Puffy Eyes: What Causes Puffy Eyes?
- Dehydration. When the body gets dehydrated it begins storing up water, which can cause puffy eyes.
- Diet. Drinking alcohol or eating salty foods before going to sleep. Alcohol can cause puffy eyes because it lowers anti-diuretic hormones (ADH) in the body, but the levels will normalize and the puffiness will usually subside at about the same time your hangover subsides.
- Insufficient sleep.
- Allergies. If your puffy eyes are accompanied by redness and itching, the cause may be associated with an allergy. Possible contributing factors include feather pillows, linen fabric, face-creams, dust, pollen, or food.
- Aging. As you get older the skin begins to loose elasticity, causing swollen eyes.
- Hormonal changes. The days just before and during menstruation cause hormone levels to fluctuate, this can result in water retention around the eyelids.
- High blood pressure, which pushes fluids into the tissue around the eyes, can result in swelling.
- Eyelid dermatitis, a rash on the skin which just affects the eyelids, that is usually caused by an allergic reaction to make-up or skin-care products.
Puffy Eyes: Treatment and Prevention
Puffy eyes and bags under the eyes are common with aging. As we age, the tissues and muscles around the eyes weaken. Fat cells that helps support the eyes may then migrate forward and fall into the lower eyelids, causing the skin below the eyes to appear bulged or puffy. This space below the eyes can become a repository for fluids to accumulate, adding to the appearance of puffy eyes.
Puffy Eyes: Treatments and Home Remedies
For normal puffy eyes that is not caused by other eye conditions, there are many ways to get rid of puffy eyes. The following list is only a few of the remedies and may not work for everyone.
- Wash face with ice cold water
- Place cold cucumber slices on your eyes. It is the cold temperature that is helping rather than the product itself. The aroma, however, can be soothing and relaxing. Slice them into 1/8" discs and let them float in cool tap water for a few minutes. Shake them off well before applying to your eyes..
- NYC dermatologist Ariel Ostad, MD, says that the alkaloids in potatos help reduce redness and inflammation. Slice a cold, raw potato into thin slices and place one on each eye for 10 minutes.
- For a less messy alternative, try putting 2 metal tablespoons in the fridge and use them daily by placing the backs against your eyes.
- Hemorrhoid cream, which is meant to reduce swelling, may work well. Be careful not to get it in your eyes. (This only works if you live in Canada. Hemorrhoid creams in the U.S. are no longer made with the active ingredient that reduces swelling.)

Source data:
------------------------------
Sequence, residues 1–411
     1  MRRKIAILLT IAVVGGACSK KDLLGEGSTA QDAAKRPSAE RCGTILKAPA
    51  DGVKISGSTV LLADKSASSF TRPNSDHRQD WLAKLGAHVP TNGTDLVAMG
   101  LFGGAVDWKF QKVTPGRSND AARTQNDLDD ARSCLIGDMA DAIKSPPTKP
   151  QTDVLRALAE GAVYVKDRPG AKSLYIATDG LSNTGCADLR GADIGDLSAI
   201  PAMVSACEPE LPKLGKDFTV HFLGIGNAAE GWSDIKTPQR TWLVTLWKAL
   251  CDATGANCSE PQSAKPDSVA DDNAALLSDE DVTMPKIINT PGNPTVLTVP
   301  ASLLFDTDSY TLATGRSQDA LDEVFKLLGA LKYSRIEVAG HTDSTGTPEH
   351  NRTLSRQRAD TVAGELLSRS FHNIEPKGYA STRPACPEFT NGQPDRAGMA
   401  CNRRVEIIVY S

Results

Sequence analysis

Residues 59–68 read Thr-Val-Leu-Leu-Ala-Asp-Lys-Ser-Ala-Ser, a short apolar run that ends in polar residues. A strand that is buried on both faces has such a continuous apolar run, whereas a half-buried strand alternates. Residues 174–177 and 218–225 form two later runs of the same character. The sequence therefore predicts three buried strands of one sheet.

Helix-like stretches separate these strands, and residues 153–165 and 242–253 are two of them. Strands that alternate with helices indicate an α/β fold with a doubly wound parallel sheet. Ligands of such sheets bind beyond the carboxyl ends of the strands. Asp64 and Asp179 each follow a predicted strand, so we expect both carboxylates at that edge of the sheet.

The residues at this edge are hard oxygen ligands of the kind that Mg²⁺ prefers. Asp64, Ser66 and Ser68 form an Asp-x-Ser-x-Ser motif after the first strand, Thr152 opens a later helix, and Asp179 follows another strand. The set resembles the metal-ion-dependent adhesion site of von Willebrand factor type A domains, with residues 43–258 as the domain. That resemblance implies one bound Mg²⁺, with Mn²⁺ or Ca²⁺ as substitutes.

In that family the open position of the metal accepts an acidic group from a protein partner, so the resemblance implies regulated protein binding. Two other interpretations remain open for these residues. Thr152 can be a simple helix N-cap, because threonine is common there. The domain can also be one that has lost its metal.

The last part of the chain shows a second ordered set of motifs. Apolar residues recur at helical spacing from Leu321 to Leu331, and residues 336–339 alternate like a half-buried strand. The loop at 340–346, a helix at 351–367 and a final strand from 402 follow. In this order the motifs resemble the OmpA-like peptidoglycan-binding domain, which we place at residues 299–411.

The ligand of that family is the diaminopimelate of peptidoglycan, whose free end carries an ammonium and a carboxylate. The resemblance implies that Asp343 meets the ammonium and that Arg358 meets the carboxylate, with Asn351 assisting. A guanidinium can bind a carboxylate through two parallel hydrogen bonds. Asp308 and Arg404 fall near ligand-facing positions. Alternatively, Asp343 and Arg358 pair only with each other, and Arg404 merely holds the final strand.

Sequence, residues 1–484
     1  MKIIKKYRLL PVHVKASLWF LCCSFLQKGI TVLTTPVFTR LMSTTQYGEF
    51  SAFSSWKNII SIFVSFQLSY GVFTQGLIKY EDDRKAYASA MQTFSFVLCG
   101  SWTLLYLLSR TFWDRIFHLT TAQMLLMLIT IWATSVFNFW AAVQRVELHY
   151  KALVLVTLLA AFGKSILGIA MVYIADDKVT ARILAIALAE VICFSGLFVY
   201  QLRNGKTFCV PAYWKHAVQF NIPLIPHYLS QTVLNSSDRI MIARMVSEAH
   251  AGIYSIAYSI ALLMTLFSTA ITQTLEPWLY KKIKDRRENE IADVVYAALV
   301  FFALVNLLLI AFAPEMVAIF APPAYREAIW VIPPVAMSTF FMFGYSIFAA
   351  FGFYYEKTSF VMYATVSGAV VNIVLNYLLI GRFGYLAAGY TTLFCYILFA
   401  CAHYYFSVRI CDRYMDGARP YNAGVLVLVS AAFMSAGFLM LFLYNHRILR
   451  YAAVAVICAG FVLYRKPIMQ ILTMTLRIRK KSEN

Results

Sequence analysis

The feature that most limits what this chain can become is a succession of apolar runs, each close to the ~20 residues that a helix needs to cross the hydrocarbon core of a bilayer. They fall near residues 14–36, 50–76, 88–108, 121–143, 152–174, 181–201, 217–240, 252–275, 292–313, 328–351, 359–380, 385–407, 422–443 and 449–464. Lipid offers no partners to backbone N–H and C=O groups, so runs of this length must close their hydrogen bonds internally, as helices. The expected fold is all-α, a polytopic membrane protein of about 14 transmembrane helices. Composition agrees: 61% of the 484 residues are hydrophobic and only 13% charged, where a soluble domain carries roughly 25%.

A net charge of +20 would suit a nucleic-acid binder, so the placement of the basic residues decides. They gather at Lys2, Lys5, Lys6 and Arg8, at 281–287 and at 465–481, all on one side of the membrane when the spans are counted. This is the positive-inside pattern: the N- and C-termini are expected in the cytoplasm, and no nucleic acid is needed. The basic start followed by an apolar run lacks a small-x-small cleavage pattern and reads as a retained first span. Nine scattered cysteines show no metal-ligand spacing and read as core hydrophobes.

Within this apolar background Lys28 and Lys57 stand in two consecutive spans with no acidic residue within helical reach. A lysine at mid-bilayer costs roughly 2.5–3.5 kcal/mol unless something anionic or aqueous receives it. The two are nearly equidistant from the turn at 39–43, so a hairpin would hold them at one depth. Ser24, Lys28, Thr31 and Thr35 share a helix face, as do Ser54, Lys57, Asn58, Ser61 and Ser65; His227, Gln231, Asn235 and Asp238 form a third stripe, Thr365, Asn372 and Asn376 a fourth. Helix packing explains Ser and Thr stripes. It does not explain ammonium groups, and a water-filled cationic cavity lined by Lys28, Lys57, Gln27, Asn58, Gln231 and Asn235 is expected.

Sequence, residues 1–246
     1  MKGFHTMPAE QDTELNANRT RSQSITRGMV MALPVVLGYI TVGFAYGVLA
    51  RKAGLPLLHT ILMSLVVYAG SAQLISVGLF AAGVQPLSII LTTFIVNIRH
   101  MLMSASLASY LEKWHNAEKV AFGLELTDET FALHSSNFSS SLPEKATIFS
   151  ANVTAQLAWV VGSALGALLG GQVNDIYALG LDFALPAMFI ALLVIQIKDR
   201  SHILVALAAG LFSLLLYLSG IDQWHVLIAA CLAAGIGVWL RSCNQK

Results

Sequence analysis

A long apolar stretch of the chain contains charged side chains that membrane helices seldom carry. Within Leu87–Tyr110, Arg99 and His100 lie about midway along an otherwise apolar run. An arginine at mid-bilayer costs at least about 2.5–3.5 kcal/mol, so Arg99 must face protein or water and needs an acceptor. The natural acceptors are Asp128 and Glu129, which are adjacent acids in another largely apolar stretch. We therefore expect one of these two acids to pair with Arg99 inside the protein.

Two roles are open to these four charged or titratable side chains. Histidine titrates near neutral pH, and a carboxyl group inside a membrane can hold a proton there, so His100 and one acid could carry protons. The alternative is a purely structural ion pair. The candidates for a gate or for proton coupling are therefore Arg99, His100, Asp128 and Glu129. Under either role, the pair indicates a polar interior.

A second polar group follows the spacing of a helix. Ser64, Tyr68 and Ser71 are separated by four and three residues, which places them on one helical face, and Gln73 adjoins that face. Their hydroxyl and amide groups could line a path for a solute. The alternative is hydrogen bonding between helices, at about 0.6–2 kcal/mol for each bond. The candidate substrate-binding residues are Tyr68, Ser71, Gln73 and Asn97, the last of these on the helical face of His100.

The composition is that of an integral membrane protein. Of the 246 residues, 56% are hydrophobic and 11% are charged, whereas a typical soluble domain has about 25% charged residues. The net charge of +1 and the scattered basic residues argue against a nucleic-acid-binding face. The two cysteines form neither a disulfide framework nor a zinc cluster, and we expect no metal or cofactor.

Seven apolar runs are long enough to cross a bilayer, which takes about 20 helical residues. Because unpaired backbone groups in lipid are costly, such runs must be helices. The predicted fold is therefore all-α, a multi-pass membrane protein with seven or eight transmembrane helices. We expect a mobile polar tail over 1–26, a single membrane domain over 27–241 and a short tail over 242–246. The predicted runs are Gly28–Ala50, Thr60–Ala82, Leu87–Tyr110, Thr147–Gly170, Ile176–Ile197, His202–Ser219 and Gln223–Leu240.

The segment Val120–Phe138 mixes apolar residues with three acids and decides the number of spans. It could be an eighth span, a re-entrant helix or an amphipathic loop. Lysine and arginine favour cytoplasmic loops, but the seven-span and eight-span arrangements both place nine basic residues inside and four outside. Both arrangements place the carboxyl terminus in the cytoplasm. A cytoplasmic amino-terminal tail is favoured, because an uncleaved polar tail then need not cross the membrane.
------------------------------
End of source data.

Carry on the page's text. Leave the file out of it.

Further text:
- Moisten two tea bags in cold water, chill them in the refrigerator and place them over closed eyelids for several minutes. Like the cucumber slices, the coolness reduces circulation, but the tea actually has a slightly astringent (tissue-shrinking) effect as well.
- Try a soothing eye cream with aloe and Vitamin E, which can be applied to the eyes
Puffy Eyes: Prevention
There's a lot you can do to prevent or reduce the appearance of puffy eyes:
- Get enough sleep. If you have puffy eyes all day, it could be that you're simply not getting enough sleep, or the quality of the sleep you are getting is poor. Puffiness under the eyes is a common symptom of sleep deprivation.
- Drink more water! Most people who find that they are prone to puffy eyes are usually dehydrated. Try this over a long term period and see the results. It's very effective.
- Elevate your head when you sleep. It's not unusual to have puffy eyes upon waking. A possible explanation for this may be that when you are laying down for several hours in a horizontal position and then stand up, the fluid that was resting under your eyes is suddenly being pulled down by gravity. This swelling, however, should subside shortly. To reduce it, you can try elevating your head while sleeping so that the fluid is not as drastically drawn down when you get up.
- Reduce your salt intake. A high intake of sodium may be causing you to retain more fluid, in which case reducing the salt in your diet may produce good results (not only for your eyes, but also for your health in general).
- Snack on bananas and raisins, both of which alleviate fluid retention.
- Drink cabbage or cranberry juice. Both are diuretics, which will help you "evacuate" some excess fluid. Don't turn to caffeine as your diuretic of choice, as it can interfere with sleep and bring back the puffiness.
- Exercise to improve circulation, which will help your body move fluid through your body, rather than letting it accumulate.
- Identify allergies that are causing your puffy eyes. For allergies and puffy eyes, find out the item causing the allergic reaction and minimize its use; doctors may also provide medication in the form of shots or prescription drugs.